Rhythm in the Premature Neonate Brain: Very Early Processing of Auditory Beat and Meter

J Neurosci. 2023 Apr 12;43(15):2794-2802. doi: 10.1523/JNEUROSCI.1100-22.2023. Epub 2023 Mar 13.


The ability to extract rhythmic structure is important for the development of language, music, and social communication. Although previous studies show infants' brains entrain to the periodicities of auditory rhythms and even different metrical interpretations (e.g., groups of two vs three beats) of ambiguous rhythms, whether the premature brain tracks beat and meter frequencies has not been explored previously. We used high-resolution electroencephalography while premature infants (n = 19, 5 male; mean age, 32 ± 2.59 weeks gestational age) heard two auditory rhythms in the incubators. We observed selective enhancement of the neural response at both beat- and meter-related frequencies. Further, neural oscillations at the beat and duple (groups of 2) meter were phase aligned with the envelope of the auditory rhythmic stimuli. Comparing the relative power at beat and meter frequencies across stimuli and frequency revealed evidence for selective enhancement of duple meter. This suggests that even at this early stage of development, neural mechanisms for processing auditory rhythms beyond simple sensory coding are present. Our results add to a few previous neuroimaging studies demonstrating discriminative auditory abilities of premature neural networks. Specifically, our results demonstrate the early capacities of the immature neural circuits and networks to code both simple beat and beat grouping (i.e., hierarchical meter) regularities of auditory sequences. Considering the importance of rhythm processing for acquiring language and music, our findings indicate that even before birth, the premature brain is already learning this important aspect of the auditory world in a sophisticated and abstract way.SIGNIFICANCE STATEMENT Processing auditory rhythm is of great neurodevelopmental importance. In an electroencephalography experiment in premature newborns, we found converging evidence that when presented with auditory rhythms, the premature brain encodes multiple periodicities corresponding to beat and beat grouping (meter) frequencies, and even selectively enhances the neural response to meter compared with beat, as in human adults. We also found that the phase of low-frequency neural oscillations aligns to the envelope of the auditory rhythms and that this phenomenon becomes less precise at lower frequencies. These findings demonstrate the initial capacities of the developing brain to code auditory rhythm and the importance of special care to the auditory environment of this vulnerable population during a highly dynamic period of neural development.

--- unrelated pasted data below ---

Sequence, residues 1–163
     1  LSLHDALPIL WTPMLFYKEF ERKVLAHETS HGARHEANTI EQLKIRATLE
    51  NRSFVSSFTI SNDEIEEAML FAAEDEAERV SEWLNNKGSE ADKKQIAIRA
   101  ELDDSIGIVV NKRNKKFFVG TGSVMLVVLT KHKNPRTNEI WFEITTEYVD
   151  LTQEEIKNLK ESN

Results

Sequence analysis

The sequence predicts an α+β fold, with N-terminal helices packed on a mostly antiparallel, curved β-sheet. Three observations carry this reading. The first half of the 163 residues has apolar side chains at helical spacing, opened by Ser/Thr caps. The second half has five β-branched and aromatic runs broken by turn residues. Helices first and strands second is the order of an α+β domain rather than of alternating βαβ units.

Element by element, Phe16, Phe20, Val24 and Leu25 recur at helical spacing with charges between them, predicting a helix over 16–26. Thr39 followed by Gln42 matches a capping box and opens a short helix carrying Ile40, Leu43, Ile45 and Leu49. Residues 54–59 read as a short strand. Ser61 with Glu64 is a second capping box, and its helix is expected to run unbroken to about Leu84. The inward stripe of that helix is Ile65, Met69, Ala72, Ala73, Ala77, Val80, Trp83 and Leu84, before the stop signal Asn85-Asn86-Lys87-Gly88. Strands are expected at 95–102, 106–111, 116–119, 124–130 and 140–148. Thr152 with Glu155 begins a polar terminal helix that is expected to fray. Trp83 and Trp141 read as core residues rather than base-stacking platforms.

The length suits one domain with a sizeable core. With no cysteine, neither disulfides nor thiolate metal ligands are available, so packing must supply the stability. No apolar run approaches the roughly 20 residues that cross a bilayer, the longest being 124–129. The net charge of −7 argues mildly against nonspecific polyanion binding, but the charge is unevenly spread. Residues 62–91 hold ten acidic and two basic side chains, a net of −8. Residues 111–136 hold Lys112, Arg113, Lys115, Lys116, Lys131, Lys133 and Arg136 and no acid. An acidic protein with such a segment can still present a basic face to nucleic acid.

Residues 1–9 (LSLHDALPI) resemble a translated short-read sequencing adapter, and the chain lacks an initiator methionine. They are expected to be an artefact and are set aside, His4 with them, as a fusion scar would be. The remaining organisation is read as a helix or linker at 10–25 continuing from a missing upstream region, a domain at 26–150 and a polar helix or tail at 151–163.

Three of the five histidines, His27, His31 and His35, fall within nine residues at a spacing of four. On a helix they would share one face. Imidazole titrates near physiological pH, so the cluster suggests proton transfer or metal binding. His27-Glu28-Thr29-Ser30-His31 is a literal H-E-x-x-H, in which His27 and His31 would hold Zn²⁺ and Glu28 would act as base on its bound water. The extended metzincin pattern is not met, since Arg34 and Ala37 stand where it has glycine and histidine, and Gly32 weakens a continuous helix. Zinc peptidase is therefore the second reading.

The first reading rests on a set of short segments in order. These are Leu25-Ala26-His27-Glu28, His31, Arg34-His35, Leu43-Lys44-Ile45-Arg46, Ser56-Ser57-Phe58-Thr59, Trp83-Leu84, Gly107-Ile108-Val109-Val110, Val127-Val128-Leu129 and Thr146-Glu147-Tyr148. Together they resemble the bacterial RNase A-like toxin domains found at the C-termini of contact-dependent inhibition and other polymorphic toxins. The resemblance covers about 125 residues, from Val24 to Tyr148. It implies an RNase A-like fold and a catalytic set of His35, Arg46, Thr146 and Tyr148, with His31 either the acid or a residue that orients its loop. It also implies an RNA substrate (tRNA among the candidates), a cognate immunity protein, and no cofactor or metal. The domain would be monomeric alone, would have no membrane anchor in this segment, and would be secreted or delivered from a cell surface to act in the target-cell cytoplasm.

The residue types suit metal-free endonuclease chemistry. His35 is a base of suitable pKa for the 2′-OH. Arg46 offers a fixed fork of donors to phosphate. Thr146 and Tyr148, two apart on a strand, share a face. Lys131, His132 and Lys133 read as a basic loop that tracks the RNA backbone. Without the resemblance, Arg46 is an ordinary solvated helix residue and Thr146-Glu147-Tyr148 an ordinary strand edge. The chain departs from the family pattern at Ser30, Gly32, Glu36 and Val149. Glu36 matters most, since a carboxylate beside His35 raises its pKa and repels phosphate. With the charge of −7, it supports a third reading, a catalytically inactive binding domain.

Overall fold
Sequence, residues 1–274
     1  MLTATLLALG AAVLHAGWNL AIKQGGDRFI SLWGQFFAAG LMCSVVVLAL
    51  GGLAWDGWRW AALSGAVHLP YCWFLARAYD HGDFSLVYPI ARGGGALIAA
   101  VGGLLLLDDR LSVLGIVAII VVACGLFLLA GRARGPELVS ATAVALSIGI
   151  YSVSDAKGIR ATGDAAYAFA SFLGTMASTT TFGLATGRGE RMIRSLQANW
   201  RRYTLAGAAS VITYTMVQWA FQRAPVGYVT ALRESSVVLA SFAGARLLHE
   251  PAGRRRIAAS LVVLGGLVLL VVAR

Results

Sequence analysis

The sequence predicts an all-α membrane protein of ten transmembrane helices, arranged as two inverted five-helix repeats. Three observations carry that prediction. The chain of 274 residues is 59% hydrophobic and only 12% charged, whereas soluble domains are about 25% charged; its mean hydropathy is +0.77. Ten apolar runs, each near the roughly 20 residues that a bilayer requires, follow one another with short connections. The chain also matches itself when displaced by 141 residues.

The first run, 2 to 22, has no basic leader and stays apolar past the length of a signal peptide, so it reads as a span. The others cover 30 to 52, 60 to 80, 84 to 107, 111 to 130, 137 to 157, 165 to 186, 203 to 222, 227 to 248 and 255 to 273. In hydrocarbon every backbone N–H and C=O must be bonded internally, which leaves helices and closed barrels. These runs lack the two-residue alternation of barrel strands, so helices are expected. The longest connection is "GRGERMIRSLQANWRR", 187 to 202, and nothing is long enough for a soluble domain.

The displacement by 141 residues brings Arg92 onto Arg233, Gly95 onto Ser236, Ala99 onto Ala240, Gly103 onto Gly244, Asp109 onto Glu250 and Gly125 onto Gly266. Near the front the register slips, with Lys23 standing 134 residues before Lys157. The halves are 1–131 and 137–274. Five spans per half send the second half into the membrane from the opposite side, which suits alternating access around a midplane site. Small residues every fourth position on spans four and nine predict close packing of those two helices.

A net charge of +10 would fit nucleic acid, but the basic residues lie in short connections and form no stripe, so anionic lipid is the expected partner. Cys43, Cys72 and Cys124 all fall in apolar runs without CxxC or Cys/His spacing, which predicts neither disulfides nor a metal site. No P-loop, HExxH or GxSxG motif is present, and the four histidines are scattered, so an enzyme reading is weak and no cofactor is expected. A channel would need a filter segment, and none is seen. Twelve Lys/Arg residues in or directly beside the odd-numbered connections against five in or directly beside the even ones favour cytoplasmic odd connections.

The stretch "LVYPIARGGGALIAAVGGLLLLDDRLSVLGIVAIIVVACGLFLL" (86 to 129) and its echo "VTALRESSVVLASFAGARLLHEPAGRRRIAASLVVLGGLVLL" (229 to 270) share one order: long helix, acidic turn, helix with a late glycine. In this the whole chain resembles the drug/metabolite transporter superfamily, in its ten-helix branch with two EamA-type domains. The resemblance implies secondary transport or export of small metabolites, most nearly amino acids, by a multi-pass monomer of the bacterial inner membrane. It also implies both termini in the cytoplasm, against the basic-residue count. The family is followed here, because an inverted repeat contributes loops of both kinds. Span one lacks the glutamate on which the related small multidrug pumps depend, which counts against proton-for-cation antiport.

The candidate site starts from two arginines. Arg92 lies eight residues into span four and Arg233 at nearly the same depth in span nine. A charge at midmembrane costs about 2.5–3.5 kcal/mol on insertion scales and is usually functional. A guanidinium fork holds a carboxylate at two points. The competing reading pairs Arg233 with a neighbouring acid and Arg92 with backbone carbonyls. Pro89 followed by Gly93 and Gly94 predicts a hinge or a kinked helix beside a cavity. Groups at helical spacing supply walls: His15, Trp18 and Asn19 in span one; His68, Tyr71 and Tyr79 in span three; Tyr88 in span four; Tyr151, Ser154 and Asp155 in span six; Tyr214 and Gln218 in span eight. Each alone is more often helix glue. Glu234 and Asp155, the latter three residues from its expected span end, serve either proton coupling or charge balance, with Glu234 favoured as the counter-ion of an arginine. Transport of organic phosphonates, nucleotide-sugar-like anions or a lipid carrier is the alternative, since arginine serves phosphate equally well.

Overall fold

Keywords: electroencephalography; entrainment; frequency tagging; music; phase coupling; premature human brain.

Publication types

  • Research Support, Non-U.S. Gov't

MeSH terms

  • Acoustic Stimulation / methods
  • Adult
  • Auditory Perception* / physiology
  • Brain / physiology
  • Electroencephalography / methods
  • Hearing
  • Humans
  • Infant
  • Infant, Newborn
  • Male
  • Music*
  • Periodicity

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